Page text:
I'd like to thank Mark, a reader of this blog, for recommending that Smokescreen should be my next Dick Francis novel.
I read it and it's dynamite. I am more and more impressed with Francis. His stuff is so good — thank god there's so much of it to read.
There is an interesting development and expansion in these novels. Although they all feature the world of horse racing, Francis varies this formula by not necessarily making his protagonist part of that world.
So we have Edward Lincoln, nicknamed Link, hero of Smokescreen. He is, of all things, a movie star.
Now, this is a potentially disastrous choice of milieu and character, but the formidable Dick Francis pulls it off. He writes as knowledgeably about film making as he does about horses and jockeys.
Indeed, professional filmmakers admire the authenticity of his writing on the subject.
Another possible disaster area is the unusual location of the story. South Africa.
I assumed Smokescreen would just be a breezy thriller set in an 'exotic' location and that the political and racial nightmare of the country would be ignored. But, again, our author is far too clever for that. He cannily addresses the whole issue by letting one of his South African characters launch into an obtuse defence of her country — thereby subtly offering a critique of it.
But to hell with politics, this is a thriller and an outstanding one. The nerve wracking sequences of violence and suspense come out of nowhere and nail the reader utterly. I couldn't stop devouring the book. It was kind of an agonising pleasure.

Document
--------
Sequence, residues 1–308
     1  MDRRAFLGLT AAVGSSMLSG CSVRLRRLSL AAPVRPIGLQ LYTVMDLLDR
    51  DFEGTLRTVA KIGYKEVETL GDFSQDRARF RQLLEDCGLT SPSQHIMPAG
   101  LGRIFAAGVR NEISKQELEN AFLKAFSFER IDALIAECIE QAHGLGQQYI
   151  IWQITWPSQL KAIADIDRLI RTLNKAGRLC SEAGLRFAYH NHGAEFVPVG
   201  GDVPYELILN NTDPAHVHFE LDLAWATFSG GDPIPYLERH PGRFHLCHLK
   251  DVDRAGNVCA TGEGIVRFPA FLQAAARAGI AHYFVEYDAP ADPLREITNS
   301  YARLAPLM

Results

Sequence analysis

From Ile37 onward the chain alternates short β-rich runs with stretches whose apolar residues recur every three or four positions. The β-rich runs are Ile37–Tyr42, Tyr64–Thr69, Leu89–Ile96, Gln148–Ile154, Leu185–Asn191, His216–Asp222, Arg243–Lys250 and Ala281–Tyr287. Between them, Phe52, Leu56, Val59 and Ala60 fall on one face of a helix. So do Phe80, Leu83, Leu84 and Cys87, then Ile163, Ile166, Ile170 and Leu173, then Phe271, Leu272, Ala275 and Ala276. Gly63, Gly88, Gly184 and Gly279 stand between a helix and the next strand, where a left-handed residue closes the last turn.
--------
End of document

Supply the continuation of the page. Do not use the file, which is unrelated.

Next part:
The characters are also beautifully depicted, and given considerable depth and authenticity.
For example, Link has a brain damaged young daughter. In any other genre novel she would be allotted a huge chunk of the plot, and probably receive a miracle cure at the end. But here she is just briefly mentioned, to give a bittersweet three-dimensional quality to our hero's life. To make us care about him.
These sort of details lend the book an indelible vividness and a sense of reality.
Best of all, Smokescreen features a blithe psychopath (to use Charles Willeford's phrase) of the kind who used to feature so memorably in the novels of John D. MacDonald.
A really chilling bad guy, to set against the likable and sympathetic hero.
And, as I've come to expect from Francis, there's notable moments of wit, perceptive writing, sharp observation and excellent dialogue.
Here we have the cinematographer admiring an attractive young woman: "Conrad took in her colour temperature with an appreciative eye."
Elsewhere a poised, snobbish woman learns that her friend is terminally ill: "her grief showing through the social gloss like a thistle among orchids."
Or: "A couple of vultures... perched on a nearby tree like brooding anarchists awaiting the revolution."
More Dick Francis, please.
Incidentally, the cover photo looks like some kind of stirrup...
It's a handcuff.
(Note to blog reader Dawn Over London: I hope you enjoyed Nerve by Dick Francis. Smokescreen is well worth a look, too, as you will have gathered.)
(Image credits: As is traditional, I used one of the boldly graphic Colin Thomas covers as the main image, and it's borrowed from Jan-Willem Hubbers' fine website. The stylish and apt "blue moon" cover is from eBay. The somewhat dull first-edition clapper board cover is from Ash Rare Books.The excellent photo of Dick Francis with a horse is from his Wikipedia entry. The yellow Pan cover is from Biblio.Com's Dick Francis page. The nice (though somewhat misleading — this book isn't much about horses, or about shooting at targets at all — did anyone even read it?) 'Dick Francis Library' cover is from Waterstones.)